Credit: Boeing


Boeing, the maker of the robotic Air Force X-37B space plane, has issued a new video.

The video was released as part of the SpaceX launch today as prelude to the program’s Orbital Test Vehicle (OTV-5) mission.

Long duration record

Flights of the craft in the past have repeatedly broken its own long-duration record.

The first OTV mission began April 22, 2010, and concluded on Dec. 3, 2010, after 224 days in orbit.

The second OTV mission began March 5, 2011, and concluded on June 16, 2012, after 468 days on orbit.

An OTV-3 mission chalked up nearly 675 days in orbit when it landed Oct. 17, 2014.

The X-37B Orbital Test Vehicle mission 4 (OTV-4), the Air Force’s unmanned, reusable space plane, landed at NASA’s Kennedy Space Center Shuttle Landing Facility May 7, 2017.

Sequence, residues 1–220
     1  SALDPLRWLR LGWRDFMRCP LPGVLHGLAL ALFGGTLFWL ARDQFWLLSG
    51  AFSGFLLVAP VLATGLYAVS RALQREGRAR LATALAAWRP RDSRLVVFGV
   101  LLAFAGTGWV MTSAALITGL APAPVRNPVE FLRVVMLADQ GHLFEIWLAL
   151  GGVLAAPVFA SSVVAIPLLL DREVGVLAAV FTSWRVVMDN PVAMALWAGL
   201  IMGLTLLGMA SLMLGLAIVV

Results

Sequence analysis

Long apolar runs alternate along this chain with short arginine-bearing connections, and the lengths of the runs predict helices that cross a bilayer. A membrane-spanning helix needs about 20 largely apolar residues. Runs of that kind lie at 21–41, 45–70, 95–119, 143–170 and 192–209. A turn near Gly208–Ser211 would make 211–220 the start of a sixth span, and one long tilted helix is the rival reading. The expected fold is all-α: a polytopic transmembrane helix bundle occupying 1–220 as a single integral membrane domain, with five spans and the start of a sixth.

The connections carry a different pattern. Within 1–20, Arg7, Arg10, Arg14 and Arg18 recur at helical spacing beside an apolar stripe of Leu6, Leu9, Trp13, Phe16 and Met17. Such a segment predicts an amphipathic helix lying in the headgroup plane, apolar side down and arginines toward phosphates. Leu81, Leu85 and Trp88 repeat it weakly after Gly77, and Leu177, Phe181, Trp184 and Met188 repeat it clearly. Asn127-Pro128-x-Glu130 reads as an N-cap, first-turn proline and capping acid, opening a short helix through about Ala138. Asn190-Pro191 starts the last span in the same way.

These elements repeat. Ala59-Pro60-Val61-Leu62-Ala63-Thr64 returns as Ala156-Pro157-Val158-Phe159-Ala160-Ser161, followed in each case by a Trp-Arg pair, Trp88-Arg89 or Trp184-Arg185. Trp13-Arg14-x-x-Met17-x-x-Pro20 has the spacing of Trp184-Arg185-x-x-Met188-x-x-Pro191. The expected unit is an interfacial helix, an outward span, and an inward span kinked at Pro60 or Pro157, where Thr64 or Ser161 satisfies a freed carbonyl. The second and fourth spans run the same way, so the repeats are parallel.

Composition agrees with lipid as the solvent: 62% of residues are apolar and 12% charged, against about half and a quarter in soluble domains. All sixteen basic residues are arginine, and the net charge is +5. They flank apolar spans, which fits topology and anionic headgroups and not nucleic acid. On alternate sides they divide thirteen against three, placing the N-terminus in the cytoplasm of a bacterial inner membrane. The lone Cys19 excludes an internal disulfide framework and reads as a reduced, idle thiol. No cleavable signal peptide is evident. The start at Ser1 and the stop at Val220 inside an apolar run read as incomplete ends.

Credit: USAF

On May 7, 2017, OTV-4 landed at NASA’s Kennedy Space Center Shuttle Landing Facility – a first for the program as all previous missions ended with a tarmac touchdown at Vandenberg Air Force Base in California. The OTV-4 conducted on-orbit experiments for 718 days during its mission, extending the total number of days spent on-orbit for the OTV program to 2,085 days.

Built by Boeing

Built by Boeing, the robotic mini-space plane is one of two known reusable X-37B vehicles that constitute the space plane “fleet.”

Appearing like a miniature version of NASA’s now-retired space shuttle orbiter, the reusable military space plane is 29 feet (8.8 meters) long and 9.6 feet (2.9 meters) tall, and has a wingspan of nearly 15 feet (4.6 meters).

Technicians tend X-37B space plane after tarmac touchdown.
Credit: U.S. Air Force


The space drone has a payload bay about the size of a pickup truck bed that can be outfitted with a robotic arm. It has a launch weight of 11,000 pounds (4,990 kilograms) and is powered on orbit by a solar cell-laden array.


To view the just-released video, go to:

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